Two-headed sharks… fact or fiction?
A few days ago, it occurred to me to browse the different streaming video platforms in search of a marine-themed film. In the end, I found one with a title and messages that caught my attention, “The two-headed shark attack”: one body, two heads and 6000 teeth (Fig.1). It was Saturday afternoon, and it was raining, so I took the chance.
The film starts with a sequence in which a two-headed great white shark attacks a group of wakeboarders. Minutes later, an oceanographic boat is damaged when it hits another shark. That was enough for me, and I stopped watching the film. But I wondered: has a two-headed shark ever been found?
The answer is yes, and what’s more, it seems to be an increasingly common occurrence.
The presence of two heads in the animal world is technically called bicephaly and refers to two twins fused side by side with two totally separate heads and a single body. In the case of sharks, it seems that it all started in September 2008, when a fisherman sent photographs of a blue shark embryo (Prionace glauca) with two heads to National Geographic (Fig.2).
Subsequently, in 2011, scientists published a study of two-headed blue shark embryos from females caught in Baja California, Mexico (Fig. 3).
This study does not explain the cause of this bicephaly, although it is speculated that it may be due to parasitic infections, tumors, poor feeding, or genetic abnormalities. However, it is noted that developmental deformities in sharks are usually cephalic, whereas postnatal abnormalities involve mostly spinal deformities.
Later, in 3021, bicephaly was described for the first time in the bull shark (Carcharhinus leucas). The study, carried out by Wagner et al. (2003) indicated that external examination, radiography, and magnetic resonance imaging revealed a case of bicephaly in which the axial skeleton and internal organs had divided into parallel systems before the pectoral girdle, giving rise to two well-developed heads (Fig. 4).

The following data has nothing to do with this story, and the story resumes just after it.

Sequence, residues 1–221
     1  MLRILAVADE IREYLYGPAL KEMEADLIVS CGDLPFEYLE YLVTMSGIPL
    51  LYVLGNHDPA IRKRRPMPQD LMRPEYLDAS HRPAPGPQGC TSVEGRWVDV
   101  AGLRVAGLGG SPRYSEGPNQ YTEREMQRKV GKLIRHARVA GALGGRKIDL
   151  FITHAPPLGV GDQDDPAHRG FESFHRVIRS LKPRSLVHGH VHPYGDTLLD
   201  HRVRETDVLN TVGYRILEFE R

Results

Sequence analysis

It was not until 2016 that Sans-Coma, et al. described a case of bicephaly in the Atlantic sawtail catshark (Galeus atlanticus). In this case, the two-headed specimen was detected among 797 embryos destined for cardiovascular studies. Each head had two eyes, a brain, a notochord and five gill slits on each side of the head. The two heads were fused behind the gills. Notably, although it had two esophagi, two stomachs and two livers, it had only one intestine (Fig. 5).
The authors of this study suggested that the most plausible cause of bicephaly could be a genetic disorder.
Two-headed sharks seem to continue to appear. There is no clear explanation as to what causes this curious phenomenon. There is talk of infections, chemical agents, radiation, or metabolic problems. The most interesting theory is that overfishing is diminishing the gene pool of some species, and this would lead to inbreeding that would cause genetic abnormalities resulting in this bicephaly.
Whatever the cause, the film industry continues in its usual line of entertaining us on rainy Saturday afternoons. We can now find new stories starring 3-, 5- and 6-headed sharks (Fig. 6).
Where is the limit to the number of heads on a shark? It seems that for Hollywood this question has no answer.